Purpose: To identify predictors of post-traumatic stress symptomology among parents of infants with complex congenital heart defects at hospital discharge and after 4 months. Design & methods: A secondary analysis utilizing data from a larger RCT performed in three pediatric cardiac centers in North America. Analysis included 158 parent-infant dyads. Generalized Linear Modeling was used to identify predictors of parental post-traumatic symptomology at hospital discharge, and after 4 months. Considered predictors included demographics/SES, illness, and psychosocial parameters. Results: At discharge, parenting stress, education, and infant's medication number were linked to post-traumatic stress symptomology severity; Parenting stress, education, insurance type, and medications number predicted number of symptoms; Tube-assisted feeding predicted PTSD. At 4 months, parenting stress, ethnicity, and number of ED visits predicted PTSS severity; Parenting stress, ethnicity, and cardiologist visits predicted number of symptoms; Parenting stress, single ventricle physiology, and number of children predicted PTSD. Conclusions & practical implications: Parental psychosocial factors, additionally to illness and sociodemographic indicators, can potentially risk parents to experience PTSS/PTSD. Nursing and other healthcare professionals can participate in early screening of such factors to determine familial risk. Trial Registration: NCT01941667.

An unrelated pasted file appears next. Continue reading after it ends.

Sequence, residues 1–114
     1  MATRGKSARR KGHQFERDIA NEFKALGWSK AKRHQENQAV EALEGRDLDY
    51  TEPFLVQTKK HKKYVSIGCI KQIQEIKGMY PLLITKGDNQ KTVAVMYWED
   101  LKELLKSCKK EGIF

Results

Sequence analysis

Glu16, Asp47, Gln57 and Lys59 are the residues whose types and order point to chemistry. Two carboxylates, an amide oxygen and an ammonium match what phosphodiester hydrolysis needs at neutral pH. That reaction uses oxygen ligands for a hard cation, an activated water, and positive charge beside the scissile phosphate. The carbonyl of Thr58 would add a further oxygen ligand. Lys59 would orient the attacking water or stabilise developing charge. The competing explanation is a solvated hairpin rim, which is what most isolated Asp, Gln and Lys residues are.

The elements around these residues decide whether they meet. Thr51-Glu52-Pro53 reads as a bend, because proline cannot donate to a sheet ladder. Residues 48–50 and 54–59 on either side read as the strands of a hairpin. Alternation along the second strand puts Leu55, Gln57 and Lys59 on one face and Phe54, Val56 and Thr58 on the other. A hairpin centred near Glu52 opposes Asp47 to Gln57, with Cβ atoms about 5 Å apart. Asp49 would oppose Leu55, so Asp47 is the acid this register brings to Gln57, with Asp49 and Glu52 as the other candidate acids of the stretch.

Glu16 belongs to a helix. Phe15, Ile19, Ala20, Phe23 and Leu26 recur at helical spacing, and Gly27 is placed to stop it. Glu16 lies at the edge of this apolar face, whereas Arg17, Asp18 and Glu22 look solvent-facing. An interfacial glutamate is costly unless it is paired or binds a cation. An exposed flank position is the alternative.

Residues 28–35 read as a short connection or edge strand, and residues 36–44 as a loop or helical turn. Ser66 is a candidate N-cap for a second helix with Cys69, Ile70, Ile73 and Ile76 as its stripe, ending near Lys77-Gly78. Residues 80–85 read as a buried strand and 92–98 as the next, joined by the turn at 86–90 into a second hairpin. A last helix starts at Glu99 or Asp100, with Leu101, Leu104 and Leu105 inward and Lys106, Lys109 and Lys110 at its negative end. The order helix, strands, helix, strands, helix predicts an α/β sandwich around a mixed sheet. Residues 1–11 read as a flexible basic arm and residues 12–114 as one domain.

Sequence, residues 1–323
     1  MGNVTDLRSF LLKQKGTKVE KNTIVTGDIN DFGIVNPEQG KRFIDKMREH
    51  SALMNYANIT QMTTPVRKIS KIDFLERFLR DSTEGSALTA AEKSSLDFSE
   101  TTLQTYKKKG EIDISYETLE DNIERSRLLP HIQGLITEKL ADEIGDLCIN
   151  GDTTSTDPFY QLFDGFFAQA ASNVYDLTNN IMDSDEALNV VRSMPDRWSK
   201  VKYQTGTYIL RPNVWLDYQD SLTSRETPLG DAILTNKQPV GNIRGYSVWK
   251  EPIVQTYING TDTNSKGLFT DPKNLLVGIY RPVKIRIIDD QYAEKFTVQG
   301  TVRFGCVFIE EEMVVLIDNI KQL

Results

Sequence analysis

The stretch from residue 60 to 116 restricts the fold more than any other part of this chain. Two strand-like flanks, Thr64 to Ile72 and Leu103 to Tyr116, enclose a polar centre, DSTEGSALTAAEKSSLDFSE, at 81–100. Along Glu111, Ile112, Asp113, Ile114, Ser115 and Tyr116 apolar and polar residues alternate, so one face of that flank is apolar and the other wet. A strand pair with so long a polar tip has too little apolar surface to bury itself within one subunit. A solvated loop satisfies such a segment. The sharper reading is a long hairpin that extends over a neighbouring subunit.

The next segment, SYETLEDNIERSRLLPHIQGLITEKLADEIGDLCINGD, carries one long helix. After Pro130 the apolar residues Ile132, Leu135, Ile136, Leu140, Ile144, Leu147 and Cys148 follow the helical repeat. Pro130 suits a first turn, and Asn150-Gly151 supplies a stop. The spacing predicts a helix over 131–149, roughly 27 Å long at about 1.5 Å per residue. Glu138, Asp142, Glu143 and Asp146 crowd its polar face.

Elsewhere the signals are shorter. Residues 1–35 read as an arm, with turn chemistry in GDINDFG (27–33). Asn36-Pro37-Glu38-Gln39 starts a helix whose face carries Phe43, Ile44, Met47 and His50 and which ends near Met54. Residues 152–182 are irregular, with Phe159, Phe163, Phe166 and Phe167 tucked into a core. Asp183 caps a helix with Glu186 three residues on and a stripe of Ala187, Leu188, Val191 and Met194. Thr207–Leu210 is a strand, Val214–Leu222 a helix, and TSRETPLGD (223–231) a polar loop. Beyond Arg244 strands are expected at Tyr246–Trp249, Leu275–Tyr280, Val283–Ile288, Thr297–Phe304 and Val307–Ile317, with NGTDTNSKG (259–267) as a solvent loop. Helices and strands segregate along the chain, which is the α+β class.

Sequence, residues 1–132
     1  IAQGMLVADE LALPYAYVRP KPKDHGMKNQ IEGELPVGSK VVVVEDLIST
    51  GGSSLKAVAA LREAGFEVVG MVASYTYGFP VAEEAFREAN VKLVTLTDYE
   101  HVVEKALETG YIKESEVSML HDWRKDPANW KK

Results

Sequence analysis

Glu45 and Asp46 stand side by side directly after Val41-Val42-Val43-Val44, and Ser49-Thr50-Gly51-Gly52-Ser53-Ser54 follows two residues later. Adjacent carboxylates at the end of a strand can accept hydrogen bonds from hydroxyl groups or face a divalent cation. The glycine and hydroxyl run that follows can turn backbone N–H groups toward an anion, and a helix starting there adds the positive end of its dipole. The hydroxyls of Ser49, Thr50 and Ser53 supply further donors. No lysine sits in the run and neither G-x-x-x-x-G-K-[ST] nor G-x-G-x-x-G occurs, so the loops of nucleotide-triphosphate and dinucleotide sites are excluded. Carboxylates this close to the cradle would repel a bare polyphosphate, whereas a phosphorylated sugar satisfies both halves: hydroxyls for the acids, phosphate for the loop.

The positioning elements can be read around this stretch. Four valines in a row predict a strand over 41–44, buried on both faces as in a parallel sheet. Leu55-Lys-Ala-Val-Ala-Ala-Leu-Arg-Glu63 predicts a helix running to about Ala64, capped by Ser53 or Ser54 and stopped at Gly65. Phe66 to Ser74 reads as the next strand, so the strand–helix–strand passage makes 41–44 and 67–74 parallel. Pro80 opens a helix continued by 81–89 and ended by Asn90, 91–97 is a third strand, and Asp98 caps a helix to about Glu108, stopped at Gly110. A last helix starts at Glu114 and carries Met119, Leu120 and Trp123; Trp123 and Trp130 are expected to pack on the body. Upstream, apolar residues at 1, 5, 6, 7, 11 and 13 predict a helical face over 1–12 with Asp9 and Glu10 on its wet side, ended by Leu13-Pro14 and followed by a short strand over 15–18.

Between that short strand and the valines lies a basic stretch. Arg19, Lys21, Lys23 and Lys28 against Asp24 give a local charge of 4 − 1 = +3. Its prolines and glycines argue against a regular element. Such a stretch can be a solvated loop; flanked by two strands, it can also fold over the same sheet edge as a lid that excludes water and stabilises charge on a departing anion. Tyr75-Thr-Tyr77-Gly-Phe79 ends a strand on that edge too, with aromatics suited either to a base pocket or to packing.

|Number of pages||6|
|Journal||Journal of Pediatric Nursing|
|State||Published - 1 Jan 2022|
Bibliographical noteFunding Information:
This work was supported by the National Institutes of Health R01 NR002093
© 2021 Elsevier Inc.
- Congenital heart defects
- Post-traumatic stress
- Heart Defects, Congenital/diagnosis
- Stress Disorders, Post-Traumatic/diagnosis
ASJC Scopus subject areas